10 Must-Drink Types of Popular Japanese Alcohol
Whether for business or pleasure, many outings in Japan simply aren’t complete without a drink. This includes alcohol at an izakaya (a kind of bar with good alcohol and food to go with it) and at a restaurant that has tabehoudai (all you can eat) and nomihoudai (all you can drink alcohol). If you are in Japan you can go to different variations of bars such as izakaya, tachinomi (small standing bars), shot bars, pubs, kyabakura (a kind of host or hostess club) and dining bars. Business people can be seen going out to drink with colleagues after work, staying out late, and briefly returning home before heading back to work the next day. From straight-up beer to Okinawan rice wine and hot sake, here are 10 popular types of Japanese alcohol for every situation.
Japanese Alcohol from Beer to Yuzushu and More
Toriaezu biru basically means, “Let's start off with beer,” which is no surprise as beer tops the list of the most popular drinks in Japan. If you need a go-to drink in Japan, beer is a recommended starter especially if you are at an izakaya where it's popular to use this phrase. You can order nama biru, which is a draught (or draft) beer, or bin biru which is a large, oftentimes half liter bottle of beer to be shared among people at the table. Like most everywhere else in the world, beer is an alcohol made from cereal grains, yeast, hops, and water. Beer was first introduced to Japan by Dutch merchants at Dejima, which was an island trading post from the time when Japan was more isolated. The country soon started importing beers after reopening to the outside world, and later Japanese started making their own. Today you can order beer at most bars and many restaurants, and there is also a craft beer movement happening. There is non-alcoholic beer available, as well as happoshu which is a low malt almost beer that exists as a cheaper alternative to real beer.
Shochu, first made in the 1500s in Kyushu, is a distilled Japanese alcohol which is created starting with a fermented mash of water, yeast, and koji mold. Next, the crushed base ingredient is added to the mash and left to ferment. After this the mixture is distilled. Base ingredients can include mugi (barley), sweet potato, rice, sugarcane, buckwheat, or shiso which is a leaf from the mint family. Mugi shochu has a mild flavor and is good for beginners, while sweet potato shochu has a stronger flavor and can be consumed warm. Try buckwheat shochu for a mild but slightly bitter taste, or go slightly sweet with sugar cane shochu. Not unlike shiso itself, Shiso shochu has a soft flavor. Shochu is commonly consumed by itself, with ice, mixed with other drinks, warmed, or with water added. Mizuwari is alcohol mixed with water, and oyuwari is the warmed version of mizuwari.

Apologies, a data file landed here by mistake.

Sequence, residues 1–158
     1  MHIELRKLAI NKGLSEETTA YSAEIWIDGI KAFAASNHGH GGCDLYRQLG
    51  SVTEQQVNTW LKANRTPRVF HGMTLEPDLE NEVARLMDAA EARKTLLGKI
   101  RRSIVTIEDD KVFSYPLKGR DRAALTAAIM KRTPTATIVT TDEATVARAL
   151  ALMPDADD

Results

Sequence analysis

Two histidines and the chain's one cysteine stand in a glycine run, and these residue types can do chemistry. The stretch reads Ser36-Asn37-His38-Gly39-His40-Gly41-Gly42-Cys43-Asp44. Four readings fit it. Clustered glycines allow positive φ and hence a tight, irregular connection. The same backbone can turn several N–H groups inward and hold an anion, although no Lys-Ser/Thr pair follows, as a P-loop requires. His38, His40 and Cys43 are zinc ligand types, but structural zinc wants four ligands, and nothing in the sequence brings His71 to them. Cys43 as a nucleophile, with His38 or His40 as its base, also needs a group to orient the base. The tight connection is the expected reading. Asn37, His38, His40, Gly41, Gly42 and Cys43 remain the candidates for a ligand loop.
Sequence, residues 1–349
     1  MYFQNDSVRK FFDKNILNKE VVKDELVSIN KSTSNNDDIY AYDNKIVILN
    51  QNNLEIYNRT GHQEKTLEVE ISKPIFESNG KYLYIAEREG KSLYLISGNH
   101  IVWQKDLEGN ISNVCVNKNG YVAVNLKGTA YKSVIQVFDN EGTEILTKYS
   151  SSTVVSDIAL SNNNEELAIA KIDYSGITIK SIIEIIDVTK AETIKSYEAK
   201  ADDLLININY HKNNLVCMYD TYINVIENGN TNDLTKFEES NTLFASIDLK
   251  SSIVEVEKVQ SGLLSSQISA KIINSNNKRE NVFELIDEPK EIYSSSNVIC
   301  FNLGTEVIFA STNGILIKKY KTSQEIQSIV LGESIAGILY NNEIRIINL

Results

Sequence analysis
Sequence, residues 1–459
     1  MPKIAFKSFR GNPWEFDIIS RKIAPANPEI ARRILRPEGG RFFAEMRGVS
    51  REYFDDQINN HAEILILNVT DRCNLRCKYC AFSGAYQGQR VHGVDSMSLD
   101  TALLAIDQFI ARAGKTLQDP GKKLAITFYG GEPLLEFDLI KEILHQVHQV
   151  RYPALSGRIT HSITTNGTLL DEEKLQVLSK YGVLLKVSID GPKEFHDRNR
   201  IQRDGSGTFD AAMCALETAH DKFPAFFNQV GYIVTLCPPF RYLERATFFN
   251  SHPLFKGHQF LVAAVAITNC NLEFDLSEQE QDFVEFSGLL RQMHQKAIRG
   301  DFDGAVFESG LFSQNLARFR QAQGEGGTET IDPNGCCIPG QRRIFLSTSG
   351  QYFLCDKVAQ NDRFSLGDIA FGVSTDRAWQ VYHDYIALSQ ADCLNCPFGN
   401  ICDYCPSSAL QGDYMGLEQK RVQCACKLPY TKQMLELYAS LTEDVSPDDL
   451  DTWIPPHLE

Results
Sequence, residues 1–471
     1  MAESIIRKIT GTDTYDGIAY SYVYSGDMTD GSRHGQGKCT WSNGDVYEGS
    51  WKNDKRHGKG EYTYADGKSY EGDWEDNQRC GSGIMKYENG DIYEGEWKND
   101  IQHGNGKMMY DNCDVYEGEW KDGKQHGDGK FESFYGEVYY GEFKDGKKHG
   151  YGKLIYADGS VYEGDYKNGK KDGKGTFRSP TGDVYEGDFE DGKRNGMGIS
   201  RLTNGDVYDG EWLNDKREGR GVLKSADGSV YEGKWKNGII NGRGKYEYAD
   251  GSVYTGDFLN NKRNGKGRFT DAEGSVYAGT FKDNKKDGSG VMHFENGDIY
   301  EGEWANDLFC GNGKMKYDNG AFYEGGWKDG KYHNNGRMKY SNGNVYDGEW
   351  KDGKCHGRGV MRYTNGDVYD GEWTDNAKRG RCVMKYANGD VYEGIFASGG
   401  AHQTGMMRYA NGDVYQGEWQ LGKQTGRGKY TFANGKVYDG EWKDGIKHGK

If you’re ever wondering what to drink in Japan and you feel like something relatively mild, try a lemon sour, also called lemon chuhai. This drink is made from club soda, shochu, and lemon—in fact, you may even be given a whole lemon to squeeze out into your jug! This drink can be found in different varieties, such as yuzu, grapefruit, sudachi, and shikuwasa, and lemon sour was invented in Tokyo. Some izakaya or other eating establishment may serve chuhai pre-mixed, and you can find it canned as well. Prepare your tastebuds for all the fizzy possibilities.
Oolong hai, or oolong chahai, is similar to lemon sour, but uses oolong tea instead of lemon, all without the soda. To magically transform oolong tea into oolong hai, simply add a mild shochu variety like mugi shochu into the mix—varieties like sweet potato shochu could be too strong for a balanced flavor combination. Oolong hai can have a noticeably strong tea flavor that can somewhat overpower the taste of mild shochu.